Gunmen have shot dead the mayor of a small town in western Mexico, and at least 17 others, officials say.
Police say gunmen stormed the San Miguel Totolapan town hall at 14:00 (19:00 GMT) on Wednesday. Photos online show it riddled with bullet holes.
Mayor Conrado Mendoza Almeda's left-wing PRD party condemned his "cowardly" assassination and demanded justice.
The attack has been blamed on the Los Tequileros criminal gang, which is linked to a powerful drug cartel.
Police officers and council workers were also killed in the massacre, with graphic images of bloodied bodies lying on the ground circulating on social media.
Mr Mendoza Almeda's father, former mayor Juan Mendoza Acosta, was also killed - in his home - before the attack moved to the town hall.
A highway in the state of Guerrero, where San Miguel Totolapan lies, was reportedly briefly blocked by large vehicles to prevent security forces from getting into the city.
Even by the violent standards of Guerrero state, this was a shocking attack, reports the BBC's Mexico correspondent, Will Grant.
San Miguel Totolapan lies in the heart of a region known as Tierra Caliente, a violent part of drug cartel-controlled western Mexico.
Various groups battle for control of the lucrative drug routes north along the Pacific corridor, our correspondent adds. The region is a hotspot for the growing of opium poppies and the production of heroin.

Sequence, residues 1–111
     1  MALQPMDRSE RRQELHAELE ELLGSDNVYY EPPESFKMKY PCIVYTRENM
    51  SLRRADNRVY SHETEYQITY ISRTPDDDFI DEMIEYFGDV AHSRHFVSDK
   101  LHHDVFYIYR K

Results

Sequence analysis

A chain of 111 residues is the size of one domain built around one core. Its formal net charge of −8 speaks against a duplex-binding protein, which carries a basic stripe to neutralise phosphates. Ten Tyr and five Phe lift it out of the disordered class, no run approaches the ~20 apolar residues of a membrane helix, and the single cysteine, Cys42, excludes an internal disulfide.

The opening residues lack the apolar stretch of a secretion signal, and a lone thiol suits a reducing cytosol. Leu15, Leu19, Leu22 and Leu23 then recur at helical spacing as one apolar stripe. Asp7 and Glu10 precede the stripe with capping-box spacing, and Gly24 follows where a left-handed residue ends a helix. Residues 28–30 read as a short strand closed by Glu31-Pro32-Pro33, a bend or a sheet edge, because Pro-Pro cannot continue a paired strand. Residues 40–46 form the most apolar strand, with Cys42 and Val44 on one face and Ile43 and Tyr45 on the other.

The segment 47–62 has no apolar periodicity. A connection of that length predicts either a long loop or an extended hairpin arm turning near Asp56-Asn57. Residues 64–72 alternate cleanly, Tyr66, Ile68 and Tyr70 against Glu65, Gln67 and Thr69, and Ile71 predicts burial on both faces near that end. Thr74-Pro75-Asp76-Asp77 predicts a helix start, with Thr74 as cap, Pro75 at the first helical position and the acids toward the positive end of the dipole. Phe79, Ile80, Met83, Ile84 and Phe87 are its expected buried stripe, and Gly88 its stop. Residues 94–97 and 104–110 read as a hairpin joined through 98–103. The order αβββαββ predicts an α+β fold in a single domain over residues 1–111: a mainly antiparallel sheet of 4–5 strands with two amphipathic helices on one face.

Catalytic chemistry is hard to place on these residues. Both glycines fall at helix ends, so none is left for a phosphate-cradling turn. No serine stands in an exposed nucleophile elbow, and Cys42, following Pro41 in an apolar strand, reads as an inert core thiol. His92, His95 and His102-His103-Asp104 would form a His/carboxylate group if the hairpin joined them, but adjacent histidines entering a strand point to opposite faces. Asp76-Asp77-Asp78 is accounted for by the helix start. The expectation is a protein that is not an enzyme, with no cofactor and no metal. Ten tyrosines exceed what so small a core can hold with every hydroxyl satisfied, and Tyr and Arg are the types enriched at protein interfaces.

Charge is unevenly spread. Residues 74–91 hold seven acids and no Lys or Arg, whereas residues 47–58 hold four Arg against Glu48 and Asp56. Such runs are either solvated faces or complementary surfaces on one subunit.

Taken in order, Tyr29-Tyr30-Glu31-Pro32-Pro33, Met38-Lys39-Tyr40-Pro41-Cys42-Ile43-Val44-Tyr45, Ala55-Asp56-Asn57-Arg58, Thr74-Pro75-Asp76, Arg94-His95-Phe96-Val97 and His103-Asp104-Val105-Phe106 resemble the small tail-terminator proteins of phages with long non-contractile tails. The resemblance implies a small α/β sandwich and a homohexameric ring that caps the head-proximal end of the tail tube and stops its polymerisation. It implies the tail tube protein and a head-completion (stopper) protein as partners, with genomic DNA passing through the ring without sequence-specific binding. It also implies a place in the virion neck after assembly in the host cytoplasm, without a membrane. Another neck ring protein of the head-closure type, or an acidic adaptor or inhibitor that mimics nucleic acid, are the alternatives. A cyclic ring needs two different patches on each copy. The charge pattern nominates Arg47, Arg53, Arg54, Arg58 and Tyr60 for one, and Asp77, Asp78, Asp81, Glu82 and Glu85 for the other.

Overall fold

In a preliminary report seen by local media, Guerrero's attorney general said that as well as the 18 people who were killed, three others were wounded.
It is not yet clear what the motive behind the attack may have been but killings of local officials are not uncommon.
In 2018, at least three dozen mayors, former mayors and mayoral candidates were killed. The number has dwindled to single figures in recent years but those who hold local office remain at risk from armed gangs, which often want to be the only authority in town.
Following the attack, the defence ministry said it was deploying army and navy units to the area to find the gunmen.
Guerrero Governor Evelyn Salgado Pineda tweeted to say she deeply regretted the deaths.
Shortly before the attack, alleged members of Los Tequileros released a video on social networks announcing its return to the region, where they had been fighting a rival drug gang.
The criminal group devastated Guerrero between 2015 and 2017 - and was known for threatening mayors of the region - until its leader Raybel Jacobo de Almonte was assassinated.
De Almonte was known as El Tequilero - the Tequila Drinker - and his gang took their name from him.